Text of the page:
Largely considered the crown jewel of precious metals, gold has quite a reputation of excellence. For many involved in the dental refining or dental industries, it can be difficult to separate the concept of gold from its industry uses. Gold has played an invaluable role in helping dentists to solve dental problems throughout the history of dentistry. Let’s take a look at the history of gold in the dental industry, and how its usage has evolved over time.


166-201 AD:Tuscany

While people had been practicing dentistry as far back as 5000 BC, the first known use of precious metals for dental purposes was in modern Tuscany, then occupied by the Etruscan civilization. Before this, wire had been used to stabilize teeth in Ancient Greece, but never to build dental prosthetics within the mouth. The Etruscans used gold to make crowns, as well as fixed bridgework.



Throughout the Middle Ages and early Renaissance, people had likely been using gold for purposes similar to the Etruscans. There was never any record for it, however, until 1530. This is when Artzney Buchlein, a German dentist, wrote a book called The Little Medicinal Book for All Kinds of Diseases and Infirmities of the Teeth. Among other topics related to dental hygiene, it also described how to best place gold fillings.

Gold teeth being weighed on scale



As technology advanced, so too did people’s societal values. Beyond the simple functionality of teeth, people grew concerned with how their teeth affected their appearance. Claude Molton is credited for first describing the way that a gold crown post can be retained within the root canal. To prevent dental work from affecting one’s appearance, he also recommended that white enameling be used.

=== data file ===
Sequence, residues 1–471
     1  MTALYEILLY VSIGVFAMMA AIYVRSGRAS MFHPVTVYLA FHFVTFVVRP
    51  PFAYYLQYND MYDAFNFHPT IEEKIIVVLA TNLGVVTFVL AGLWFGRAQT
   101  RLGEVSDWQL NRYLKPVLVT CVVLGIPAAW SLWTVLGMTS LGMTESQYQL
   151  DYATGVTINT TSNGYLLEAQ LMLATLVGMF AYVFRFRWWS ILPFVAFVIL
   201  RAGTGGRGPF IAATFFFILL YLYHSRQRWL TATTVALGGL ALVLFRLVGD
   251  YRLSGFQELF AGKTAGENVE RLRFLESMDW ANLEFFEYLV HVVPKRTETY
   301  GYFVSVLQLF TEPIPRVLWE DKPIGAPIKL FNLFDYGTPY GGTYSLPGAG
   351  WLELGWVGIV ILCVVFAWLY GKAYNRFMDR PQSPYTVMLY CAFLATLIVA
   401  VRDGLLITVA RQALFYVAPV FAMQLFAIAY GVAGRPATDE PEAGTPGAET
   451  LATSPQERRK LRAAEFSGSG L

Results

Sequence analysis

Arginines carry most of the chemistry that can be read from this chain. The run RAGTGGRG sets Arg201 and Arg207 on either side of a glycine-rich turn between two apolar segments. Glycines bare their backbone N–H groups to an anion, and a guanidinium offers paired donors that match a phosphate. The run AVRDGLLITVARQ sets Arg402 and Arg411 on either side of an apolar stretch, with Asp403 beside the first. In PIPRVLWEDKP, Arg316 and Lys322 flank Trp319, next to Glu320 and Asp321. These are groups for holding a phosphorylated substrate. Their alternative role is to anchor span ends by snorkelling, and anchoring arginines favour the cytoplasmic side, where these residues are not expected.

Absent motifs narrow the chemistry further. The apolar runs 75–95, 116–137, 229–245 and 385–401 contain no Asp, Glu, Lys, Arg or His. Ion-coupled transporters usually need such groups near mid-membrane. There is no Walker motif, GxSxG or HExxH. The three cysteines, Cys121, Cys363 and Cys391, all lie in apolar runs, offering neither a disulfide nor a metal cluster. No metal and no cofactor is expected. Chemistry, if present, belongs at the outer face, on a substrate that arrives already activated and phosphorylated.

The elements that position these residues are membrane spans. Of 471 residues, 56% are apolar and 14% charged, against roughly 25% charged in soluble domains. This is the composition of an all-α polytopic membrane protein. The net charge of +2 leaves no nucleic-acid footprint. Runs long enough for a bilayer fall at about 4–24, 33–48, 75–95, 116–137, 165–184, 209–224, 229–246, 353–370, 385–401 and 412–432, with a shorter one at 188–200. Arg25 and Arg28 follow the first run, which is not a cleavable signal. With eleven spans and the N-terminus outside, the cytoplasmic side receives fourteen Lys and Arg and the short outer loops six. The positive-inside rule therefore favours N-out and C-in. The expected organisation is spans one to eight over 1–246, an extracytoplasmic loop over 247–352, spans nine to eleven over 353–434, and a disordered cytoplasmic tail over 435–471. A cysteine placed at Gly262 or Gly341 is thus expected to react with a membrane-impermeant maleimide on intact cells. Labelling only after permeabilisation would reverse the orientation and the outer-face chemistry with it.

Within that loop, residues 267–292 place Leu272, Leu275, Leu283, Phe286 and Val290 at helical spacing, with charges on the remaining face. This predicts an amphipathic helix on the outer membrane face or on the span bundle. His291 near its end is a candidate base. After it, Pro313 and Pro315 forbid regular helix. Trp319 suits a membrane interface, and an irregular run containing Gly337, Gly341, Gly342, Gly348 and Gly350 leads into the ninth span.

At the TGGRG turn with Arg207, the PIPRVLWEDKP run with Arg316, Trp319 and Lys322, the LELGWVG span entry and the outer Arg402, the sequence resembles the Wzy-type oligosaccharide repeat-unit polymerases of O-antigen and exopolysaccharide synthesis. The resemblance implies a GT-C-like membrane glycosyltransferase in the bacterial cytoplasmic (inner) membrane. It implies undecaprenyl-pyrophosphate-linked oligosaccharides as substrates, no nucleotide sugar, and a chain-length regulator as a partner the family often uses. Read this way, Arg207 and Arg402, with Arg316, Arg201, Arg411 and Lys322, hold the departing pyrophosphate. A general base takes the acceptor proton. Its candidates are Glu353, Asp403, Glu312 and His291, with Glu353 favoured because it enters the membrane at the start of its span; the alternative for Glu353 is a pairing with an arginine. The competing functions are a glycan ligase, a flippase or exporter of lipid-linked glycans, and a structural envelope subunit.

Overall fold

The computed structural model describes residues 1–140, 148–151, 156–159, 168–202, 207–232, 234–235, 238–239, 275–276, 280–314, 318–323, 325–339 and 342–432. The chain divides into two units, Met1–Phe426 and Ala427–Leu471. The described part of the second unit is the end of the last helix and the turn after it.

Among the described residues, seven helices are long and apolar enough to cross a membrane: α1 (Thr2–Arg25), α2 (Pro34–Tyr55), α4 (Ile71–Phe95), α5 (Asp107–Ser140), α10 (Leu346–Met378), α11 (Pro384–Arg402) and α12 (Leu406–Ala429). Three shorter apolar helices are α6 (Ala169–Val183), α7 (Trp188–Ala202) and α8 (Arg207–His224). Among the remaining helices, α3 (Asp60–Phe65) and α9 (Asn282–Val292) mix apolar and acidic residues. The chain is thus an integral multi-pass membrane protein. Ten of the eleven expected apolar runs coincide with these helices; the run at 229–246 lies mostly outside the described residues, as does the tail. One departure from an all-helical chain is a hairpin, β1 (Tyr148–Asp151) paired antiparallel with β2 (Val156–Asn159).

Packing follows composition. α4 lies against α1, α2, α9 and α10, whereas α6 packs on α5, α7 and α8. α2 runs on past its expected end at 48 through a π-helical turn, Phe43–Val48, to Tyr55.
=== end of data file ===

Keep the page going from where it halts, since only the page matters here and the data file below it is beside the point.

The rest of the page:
In the 1800s, dental care slowly became a more accepted aspect of healthcare. To improve the standard cavity treatment procedure, a dentist named Robert Arthur pioneered a new method. By annealing gold, or melting it to create the necessary shape, Arthur developed a way to place gold within cavities with only minimal pressure.


Modern Era

In the 1900s, dentists have perfected the technique of using metal to create several dental prosthetics, including:

  • Bridges
  • Bridgework
  • Clasps
  • Crowns
  • Fillings
  • Inlays

As dental strategies evolve, there will surely be new ways to use the various precious metal. And as a dental refiner, we will always be here to accept your dental scrap. We offer several different shipping container options for the various quantities of scrap metal. We also determine the most accurate price for your scrap metal using accurate methods like fire assay. Contact us for more information.